I’ve attended technical presentations by William Lull before and came away having learned something I didn’t know about a familiar topic, so I was interested to see how this course would unfold. Mr. Lull opened the session by asking the attendees, a group with a wide degree of knowledge and experience, sitting around the conference table what they expected to get out of the session. Personally, I hoped to get a refresher on HVAC technology particularly any way the equipment could be used more efficiently while creating a preservation environment. Museum environmental standards have become a hot issue in the last year with several articles devoted to the topic. It has long been understood that maintaining the historical conservation set points takes intensive HVAC capabilities and in the current global economy is increasingly expensive. I think that makes the course poignant regardless of where the growing debate on museum environmental set points finally pins them.
A quick flip through the provided slide printout let me know that I would probably have my expectations met. It was full of technical diagrams, flow charts, and even a few equations (only a bit of algebra folks, nothing to freak out over). Mr. Lull started out emphasizing that the focus of the course would be about maximizing the efficiency of existing HVAC equipment not about building a system from scratch as a retrofit. I felt that this was a very smart and well conceived approach, particularly given the reality that few conservators working in existing institutions would have the opportunity to change to entirely new systems. Mr. Lull focused on one simple term to characterize why HVAC systems operate and use energy, they are responding to a LOAD (internal, envelope, or outside air) and the primary LOAD on the system is the expectation WE have for the environmental conditions of a space and the buildings capacity to retain those environmental conditions. I appreciated that Mr. Lull repeatedly drove the point home that a system’s energy use is directly related to LOAD demand which is directly related to OUR expectations. I should also point out that Mr. Lull changed his mind on actually making the class do calculations in favor of a more general and practical overview, a wise decision I think.
After a brief side discussion about the variability of energy production methods; steam vs. hydro vs. wind and the problems of energy storage we turned to how that energy is used. In order to have everyone on even footing Mr. Lull introduced the components of a modern HVAC system, what components used energy, what type of energy, and why they needed energy. He then launched into a more in-depth overview of the energy consuming components of HVAC. These components include; boilers, chillers, pumps, and fans. This review of the basics made his discussion of the work conducted to increase the energy efficiency of the system at the Harvard Depository easy to follow. Energy efficiency hinges on better use of certain components of the HVAC system and how Newtonian physics, an action and reaction systemic response of the system, governs the adjustable variables and their end effects.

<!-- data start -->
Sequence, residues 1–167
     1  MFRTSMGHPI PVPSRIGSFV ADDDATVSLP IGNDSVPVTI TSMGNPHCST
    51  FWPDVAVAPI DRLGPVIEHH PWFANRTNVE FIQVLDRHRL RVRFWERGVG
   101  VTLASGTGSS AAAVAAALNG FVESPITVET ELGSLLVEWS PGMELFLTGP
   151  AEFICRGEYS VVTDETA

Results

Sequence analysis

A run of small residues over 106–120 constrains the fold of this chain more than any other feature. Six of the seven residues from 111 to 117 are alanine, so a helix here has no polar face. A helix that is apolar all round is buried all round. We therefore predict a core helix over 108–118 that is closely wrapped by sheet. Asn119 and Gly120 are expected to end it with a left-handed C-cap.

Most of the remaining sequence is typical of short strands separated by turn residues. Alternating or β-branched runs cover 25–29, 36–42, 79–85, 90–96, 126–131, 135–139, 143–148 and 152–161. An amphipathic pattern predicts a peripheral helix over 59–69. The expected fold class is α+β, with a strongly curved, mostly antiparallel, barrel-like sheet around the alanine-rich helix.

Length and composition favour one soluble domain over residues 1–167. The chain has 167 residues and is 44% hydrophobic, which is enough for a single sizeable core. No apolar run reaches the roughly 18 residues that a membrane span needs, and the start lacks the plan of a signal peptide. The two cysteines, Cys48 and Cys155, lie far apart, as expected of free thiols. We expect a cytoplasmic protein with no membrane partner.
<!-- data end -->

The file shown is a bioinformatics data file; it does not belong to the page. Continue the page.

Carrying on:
The crux of increasing energy efficiency is actually better management of the systems response to human occupancy of a space and reducing all other unnecessary loads. Mr. Lull highlighted the often conflicting demands of museum HVAC for exothermic control from human occupancy and humidity control for object stability. One major aspect of dealing with human occupancy is CO2 mitigation in occupied space. The need for outside air that must be conditioned is directly related to diluting the CO2 generated by human respiration. The conditioning of outside air ends up being really expensive since it requires the use of the system energy hog, chillers. Chillers get rid of heat and humidity gobbling up lots of energy in the process.
The up side of HVAC energy use, the savings, is that it is possible to use existing equipment more efficiently. Mr. Lull indicated two areas of focus that allow for significant gains; using VFDs (Variable Frequency Drives) with fans and pumps and a time investment to program as many climactic variables and set points as possible into the HVAC control system. The use of VFDs allows for energy reduction by slowing fan and pump rotation without a loss of performance over time. Providing the HVAC control system a greater number of scenarios and set points allow it to respond in a more nuanced manner to both changes of inside and outside air rather then simply a full capacity response to all demands.
In short, the course was well worth the time and cost. The topic’s presentation was informative and relevant for conservators that find themselves in institutions where knowing how the HVAC system operates and the proper terminology will aid in clear communication with HVAC engineers equaling a higher success rate in creating a sustainable preservation environment. As a matter of fact you might want to send your HVAC engineer to the course. The only aspect I might change for a future workshop would be to give the topic more time with an extra half day or day to pick apart case studies.
The supplemental course folder provided; a complete PowerPoint slide list, enlarged diagrams, & resource sheet with helpful equations.